The act, at the bare minimum, must include provisions to prevent pre-employment discrimination. The role of the director-general of labour to decide on employment discrimination, outlined in the new Section 69F, should also be expanded to include disputes on recruitment discrimination.
But this leads us to the thorny issue of how to define employment discrimination which the act fails to do. Without this definition, employment discrimination is left to the subjectivity of interpretation on a case-by-case basis. Workers would likely hesitate to report instances of discrimination or may fail to even recognise it as such and may continue accruing penalties against their career progression. It is precisely these unwanted outcomes that the act must outline clearly and account for to prevent discrimination in practice.
Benefits and accountability for employers
Legislation and policies, however, are effective only to a certain extent. In Singapore, uptake of the two-week paternity leave, while gradually increasing, remains relatively low. Singaporean fathers cited a lack of workplace support, raising fears that their career progression could be jeopardised. This same scenario plays out even in more gender-equal societies, such as the United Kingdom and the European Union.
As such, government action alone is insufficient. Employers also need to be held responsible on this front. Research indicates that organisations that have adopted family friendly policies benefit from improved employee engagement, productivity and retention. It also has the capacity to attract more high-quality workers, diversify the workforce and keep women in leadership roles – potentially enhancing firm profitability.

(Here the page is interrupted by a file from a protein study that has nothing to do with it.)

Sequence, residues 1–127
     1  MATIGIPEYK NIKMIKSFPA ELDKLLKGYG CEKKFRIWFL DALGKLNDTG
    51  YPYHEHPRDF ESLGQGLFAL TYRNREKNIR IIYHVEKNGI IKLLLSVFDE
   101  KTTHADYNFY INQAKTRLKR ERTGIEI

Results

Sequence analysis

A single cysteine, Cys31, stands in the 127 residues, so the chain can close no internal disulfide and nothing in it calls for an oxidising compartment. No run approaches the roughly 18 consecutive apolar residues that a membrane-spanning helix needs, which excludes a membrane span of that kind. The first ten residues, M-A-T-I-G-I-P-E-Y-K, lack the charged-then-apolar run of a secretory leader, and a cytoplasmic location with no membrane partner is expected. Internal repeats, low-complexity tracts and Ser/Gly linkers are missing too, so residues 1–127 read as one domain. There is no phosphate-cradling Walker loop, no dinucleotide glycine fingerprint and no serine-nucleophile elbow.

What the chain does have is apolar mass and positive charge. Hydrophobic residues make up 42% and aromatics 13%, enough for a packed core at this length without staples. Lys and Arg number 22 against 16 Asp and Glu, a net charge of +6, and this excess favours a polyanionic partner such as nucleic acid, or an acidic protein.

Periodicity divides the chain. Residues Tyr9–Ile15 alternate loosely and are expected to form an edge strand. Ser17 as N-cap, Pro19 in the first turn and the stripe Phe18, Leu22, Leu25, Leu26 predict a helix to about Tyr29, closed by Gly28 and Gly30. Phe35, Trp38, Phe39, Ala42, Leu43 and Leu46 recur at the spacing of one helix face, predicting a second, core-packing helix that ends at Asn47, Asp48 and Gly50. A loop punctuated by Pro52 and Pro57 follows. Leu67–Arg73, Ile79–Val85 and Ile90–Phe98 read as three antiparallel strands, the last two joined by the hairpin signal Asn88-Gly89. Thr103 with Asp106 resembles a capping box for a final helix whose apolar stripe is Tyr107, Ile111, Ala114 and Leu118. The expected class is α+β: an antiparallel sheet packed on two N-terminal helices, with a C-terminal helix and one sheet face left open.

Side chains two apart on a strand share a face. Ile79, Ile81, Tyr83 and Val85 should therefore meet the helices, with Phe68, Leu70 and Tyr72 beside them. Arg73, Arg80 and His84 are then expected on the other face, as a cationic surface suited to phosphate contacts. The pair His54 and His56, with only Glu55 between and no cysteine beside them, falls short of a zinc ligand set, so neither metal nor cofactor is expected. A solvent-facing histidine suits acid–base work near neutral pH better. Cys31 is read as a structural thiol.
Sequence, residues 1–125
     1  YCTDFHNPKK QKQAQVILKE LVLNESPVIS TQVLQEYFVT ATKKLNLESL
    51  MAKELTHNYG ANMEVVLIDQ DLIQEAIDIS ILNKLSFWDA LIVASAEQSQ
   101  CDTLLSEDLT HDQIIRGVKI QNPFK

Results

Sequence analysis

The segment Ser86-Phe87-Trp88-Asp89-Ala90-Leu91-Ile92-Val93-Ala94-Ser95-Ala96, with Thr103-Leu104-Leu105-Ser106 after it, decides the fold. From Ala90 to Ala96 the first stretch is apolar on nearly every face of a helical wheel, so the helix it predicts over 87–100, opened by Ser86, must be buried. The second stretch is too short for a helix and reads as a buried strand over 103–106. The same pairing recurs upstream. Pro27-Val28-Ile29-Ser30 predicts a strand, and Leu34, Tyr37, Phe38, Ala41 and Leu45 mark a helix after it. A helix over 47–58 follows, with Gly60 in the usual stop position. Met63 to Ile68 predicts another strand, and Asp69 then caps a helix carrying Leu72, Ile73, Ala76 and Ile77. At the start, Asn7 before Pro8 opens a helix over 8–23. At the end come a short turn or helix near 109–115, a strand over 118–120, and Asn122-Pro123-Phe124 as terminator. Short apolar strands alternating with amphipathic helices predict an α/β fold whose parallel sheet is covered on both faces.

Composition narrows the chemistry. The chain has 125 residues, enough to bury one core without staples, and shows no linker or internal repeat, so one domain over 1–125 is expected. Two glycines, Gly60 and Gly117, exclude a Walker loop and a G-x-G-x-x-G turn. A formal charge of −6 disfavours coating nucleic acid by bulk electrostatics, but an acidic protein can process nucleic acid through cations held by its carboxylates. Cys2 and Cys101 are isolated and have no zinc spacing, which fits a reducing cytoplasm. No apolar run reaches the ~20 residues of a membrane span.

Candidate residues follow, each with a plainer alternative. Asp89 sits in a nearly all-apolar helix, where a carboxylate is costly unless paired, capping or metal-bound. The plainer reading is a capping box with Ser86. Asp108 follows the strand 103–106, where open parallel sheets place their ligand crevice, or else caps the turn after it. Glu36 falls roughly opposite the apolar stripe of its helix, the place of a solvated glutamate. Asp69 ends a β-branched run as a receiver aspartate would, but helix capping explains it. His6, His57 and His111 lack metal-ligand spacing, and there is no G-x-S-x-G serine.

It is myopic for employers to neglect the importance of such policies and pay the price of workplace discrimination. These costs are likely to grow as survey evidence suggests that a majority of respondents were in support of more gender equal and family friendly workplace policies. In this regard, organisations need to go a step further by improving work culture, being transparent on the effects of paternity leave on career trajectories and helping parents to reintegrate into the workplace after their leave periods.
Reducing burden of care
If Malaysia is truly committed to assisting workers with caregiving responsibilities and improving women’s LFPR – which has stagnated in recent years – the country will have to do more. Efforts to expand early childhood care and education (ECCE) need to be ramped up. Currently, childcare centres are mandated at government offices and grants are available for companies to establish workplace childcare centres. But these initiatives lack the teeth to compel the private sector to invest in workers’ care needs.
Women in the informal sector also do not benefit from these protections and risk being pushed further intro precarity during and after a pregnancy. The government should explore options to provide maternity cash benefits for women in the informal sector to ensure that they too are protected.
At the crux of it, labour protections should not be a privilege that only certain workers can access. If families truly are the backbone of this nation, then their caregiving responsibilities need to be eased and implementation must be met with strong enforcement and support from employers. Only then can the government’s “Keluarga Malaysia” tagline ring true.
This article was also published in Forum, The Edge Malaysia Weekly, on August 1, 2022 – August 07, 2022.